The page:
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Parliamentary debates and questions

S5W-02996: Liam McArthur (Orkney Islands)

Scottish Liberal Democrats

Date lodged: 20 September 2016

To ask the Scottish Government what its position is on ending means-testing of legal support and services in the context of domestic abuse.

Answered by: Michael Matheson 29 September 2016

Domestic abuse is an abhorrent crime which causes devastating effects on victims and their families. The Scottish Government recognises that ensuring that women are able to access appropriate and timely legal advice to safeguard their interests and apply for protection of the civil law where necessary is vital. That is why we continue to invest in the Scottish Women’s Right Centre, which included £215,000 for the funding period 1 March 2015 – 30 September 2016, to ensure that women in Scotland affected by gender based violence have timely access to legal advice and representation in ways best suited to their circumstances.

Following the judgement in WF v Scottish Ministers [2016] CSOH 27, the Scottish Government has made a determination so that non-means tested legal aid is available to any person, including complainers in domestic abuse cases, whose sensitive records are potentially going to be disclosed in a criminal case. This is to ensure access to justice as the court considers whether disclosure is necessary.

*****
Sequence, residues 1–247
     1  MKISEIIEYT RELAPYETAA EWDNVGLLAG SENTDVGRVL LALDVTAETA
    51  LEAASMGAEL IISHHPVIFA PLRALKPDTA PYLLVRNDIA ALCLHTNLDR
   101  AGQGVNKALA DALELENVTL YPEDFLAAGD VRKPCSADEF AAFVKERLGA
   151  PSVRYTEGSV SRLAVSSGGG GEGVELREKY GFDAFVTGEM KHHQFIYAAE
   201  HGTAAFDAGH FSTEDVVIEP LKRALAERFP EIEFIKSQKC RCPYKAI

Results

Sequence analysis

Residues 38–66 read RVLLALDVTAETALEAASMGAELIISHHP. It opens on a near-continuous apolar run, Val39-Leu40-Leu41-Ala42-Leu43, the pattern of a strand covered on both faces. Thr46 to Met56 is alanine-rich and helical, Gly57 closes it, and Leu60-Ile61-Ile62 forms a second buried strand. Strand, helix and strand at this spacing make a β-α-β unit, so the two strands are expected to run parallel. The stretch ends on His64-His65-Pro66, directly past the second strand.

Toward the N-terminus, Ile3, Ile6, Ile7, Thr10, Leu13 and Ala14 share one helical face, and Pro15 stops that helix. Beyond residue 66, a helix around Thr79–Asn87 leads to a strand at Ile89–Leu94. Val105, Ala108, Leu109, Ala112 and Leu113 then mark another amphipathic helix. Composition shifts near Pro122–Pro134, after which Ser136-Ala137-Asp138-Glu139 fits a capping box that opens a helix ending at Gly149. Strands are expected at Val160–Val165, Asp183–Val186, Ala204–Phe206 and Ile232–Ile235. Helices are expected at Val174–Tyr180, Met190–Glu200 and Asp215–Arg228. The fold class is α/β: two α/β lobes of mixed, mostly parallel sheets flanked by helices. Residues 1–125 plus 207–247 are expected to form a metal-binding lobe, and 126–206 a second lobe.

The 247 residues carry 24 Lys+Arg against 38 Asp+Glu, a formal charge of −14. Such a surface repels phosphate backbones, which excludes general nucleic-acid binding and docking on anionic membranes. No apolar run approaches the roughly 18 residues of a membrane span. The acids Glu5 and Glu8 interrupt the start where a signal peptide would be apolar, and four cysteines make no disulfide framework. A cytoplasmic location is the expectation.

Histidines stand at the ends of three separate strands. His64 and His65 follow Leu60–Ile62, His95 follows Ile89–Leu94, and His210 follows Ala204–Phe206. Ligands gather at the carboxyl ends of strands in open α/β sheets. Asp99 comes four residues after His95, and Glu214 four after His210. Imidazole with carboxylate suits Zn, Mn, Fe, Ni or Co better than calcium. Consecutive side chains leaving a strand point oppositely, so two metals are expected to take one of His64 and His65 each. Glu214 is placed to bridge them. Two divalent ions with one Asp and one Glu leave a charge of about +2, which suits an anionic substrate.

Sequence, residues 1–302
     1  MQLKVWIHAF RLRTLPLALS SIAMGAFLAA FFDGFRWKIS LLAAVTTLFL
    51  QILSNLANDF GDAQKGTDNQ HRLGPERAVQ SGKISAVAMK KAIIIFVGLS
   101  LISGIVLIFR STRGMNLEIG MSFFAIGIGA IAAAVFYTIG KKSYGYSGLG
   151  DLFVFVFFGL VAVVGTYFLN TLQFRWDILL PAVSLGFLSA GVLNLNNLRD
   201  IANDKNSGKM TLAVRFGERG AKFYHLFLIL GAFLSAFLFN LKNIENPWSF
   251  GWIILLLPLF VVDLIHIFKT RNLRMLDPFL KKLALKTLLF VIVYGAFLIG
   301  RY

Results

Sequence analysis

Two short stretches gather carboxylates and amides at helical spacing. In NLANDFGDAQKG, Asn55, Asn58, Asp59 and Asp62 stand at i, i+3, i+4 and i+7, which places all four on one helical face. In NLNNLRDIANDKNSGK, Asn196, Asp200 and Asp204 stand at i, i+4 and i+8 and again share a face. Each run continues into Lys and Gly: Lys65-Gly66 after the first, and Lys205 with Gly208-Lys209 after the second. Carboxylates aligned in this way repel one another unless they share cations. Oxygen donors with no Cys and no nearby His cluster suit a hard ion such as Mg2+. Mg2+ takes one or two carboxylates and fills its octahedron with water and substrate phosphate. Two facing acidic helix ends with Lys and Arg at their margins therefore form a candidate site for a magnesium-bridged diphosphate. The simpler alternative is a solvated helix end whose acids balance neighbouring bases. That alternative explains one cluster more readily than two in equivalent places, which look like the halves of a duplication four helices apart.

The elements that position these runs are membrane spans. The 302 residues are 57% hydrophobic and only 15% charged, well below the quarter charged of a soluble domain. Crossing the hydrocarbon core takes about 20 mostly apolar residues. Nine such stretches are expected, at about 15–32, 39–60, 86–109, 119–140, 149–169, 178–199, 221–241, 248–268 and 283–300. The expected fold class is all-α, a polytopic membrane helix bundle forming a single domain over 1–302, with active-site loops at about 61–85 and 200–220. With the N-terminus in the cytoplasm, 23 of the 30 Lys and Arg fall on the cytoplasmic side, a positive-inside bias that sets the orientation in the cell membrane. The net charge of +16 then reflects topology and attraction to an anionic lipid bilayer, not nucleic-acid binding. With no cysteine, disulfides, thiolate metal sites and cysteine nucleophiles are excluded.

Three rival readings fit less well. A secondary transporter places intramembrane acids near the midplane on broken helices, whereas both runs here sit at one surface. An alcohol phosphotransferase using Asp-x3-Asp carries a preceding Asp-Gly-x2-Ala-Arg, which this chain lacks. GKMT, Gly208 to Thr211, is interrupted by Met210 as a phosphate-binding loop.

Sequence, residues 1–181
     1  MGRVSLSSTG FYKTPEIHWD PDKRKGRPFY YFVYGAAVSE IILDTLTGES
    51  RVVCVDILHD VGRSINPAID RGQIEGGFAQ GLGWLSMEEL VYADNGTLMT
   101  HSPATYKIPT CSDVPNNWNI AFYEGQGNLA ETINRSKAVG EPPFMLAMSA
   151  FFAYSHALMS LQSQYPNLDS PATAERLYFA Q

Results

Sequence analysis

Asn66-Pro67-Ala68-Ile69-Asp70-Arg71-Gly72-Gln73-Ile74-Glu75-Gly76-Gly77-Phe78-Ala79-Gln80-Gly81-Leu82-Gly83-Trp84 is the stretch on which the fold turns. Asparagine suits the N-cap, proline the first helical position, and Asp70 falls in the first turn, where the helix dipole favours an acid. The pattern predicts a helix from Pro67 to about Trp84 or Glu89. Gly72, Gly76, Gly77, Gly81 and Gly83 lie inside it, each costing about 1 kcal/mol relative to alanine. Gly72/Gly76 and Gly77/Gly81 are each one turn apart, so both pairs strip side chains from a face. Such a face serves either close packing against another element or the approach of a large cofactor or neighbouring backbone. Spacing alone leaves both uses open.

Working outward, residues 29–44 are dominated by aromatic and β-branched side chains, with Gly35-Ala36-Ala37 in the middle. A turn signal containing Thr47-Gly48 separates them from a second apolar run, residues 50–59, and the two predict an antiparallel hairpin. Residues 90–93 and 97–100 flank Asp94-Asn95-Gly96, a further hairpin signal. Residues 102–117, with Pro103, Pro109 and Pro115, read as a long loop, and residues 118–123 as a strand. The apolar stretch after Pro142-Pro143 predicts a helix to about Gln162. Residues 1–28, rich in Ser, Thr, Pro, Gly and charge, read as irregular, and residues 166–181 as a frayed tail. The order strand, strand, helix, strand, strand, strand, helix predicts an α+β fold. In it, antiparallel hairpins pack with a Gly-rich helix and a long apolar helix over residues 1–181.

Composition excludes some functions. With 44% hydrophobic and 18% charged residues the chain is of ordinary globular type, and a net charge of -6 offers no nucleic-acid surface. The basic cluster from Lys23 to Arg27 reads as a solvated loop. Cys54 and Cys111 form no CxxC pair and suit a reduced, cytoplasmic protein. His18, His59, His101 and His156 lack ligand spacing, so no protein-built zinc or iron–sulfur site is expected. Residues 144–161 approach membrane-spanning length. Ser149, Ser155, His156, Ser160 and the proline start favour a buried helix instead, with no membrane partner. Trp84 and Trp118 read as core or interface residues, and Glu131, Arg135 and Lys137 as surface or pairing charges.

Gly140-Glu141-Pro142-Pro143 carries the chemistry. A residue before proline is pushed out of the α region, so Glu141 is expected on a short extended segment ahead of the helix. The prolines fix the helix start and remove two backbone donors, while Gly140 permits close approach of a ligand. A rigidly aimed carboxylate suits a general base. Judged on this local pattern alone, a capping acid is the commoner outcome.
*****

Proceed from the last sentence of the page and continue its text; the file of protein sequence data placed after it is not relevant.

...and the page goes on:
It is the case that the introduction of non-means tested legal support has been considered previously by Parliament. This was in the context of consideration of the Domestic Abuse (Scotland) Bill in 2011. This Member’s Bill included at introduction provision for non-means tested legal aid for people seeking a civil protection order to protect against domestic abuse. Parliament took the view that such an approach did not represent the best use of scarce public resources. In particular, it was noted that such an approach would give rise to an inequality of arms argument which meant that non-means tested legal aid would likely also have to be granted to those defending an action. There was also questions raised about the domestic abuse cases being treated differently from other cases within the legal aid system and about how the proposal would work when a court action covers a domestic abuse civil protection order and other matters such as divorce, or contact and residence orders. In light of these concerns, Parliament decided to remove the relevant provisions at Stage two of the Bill process.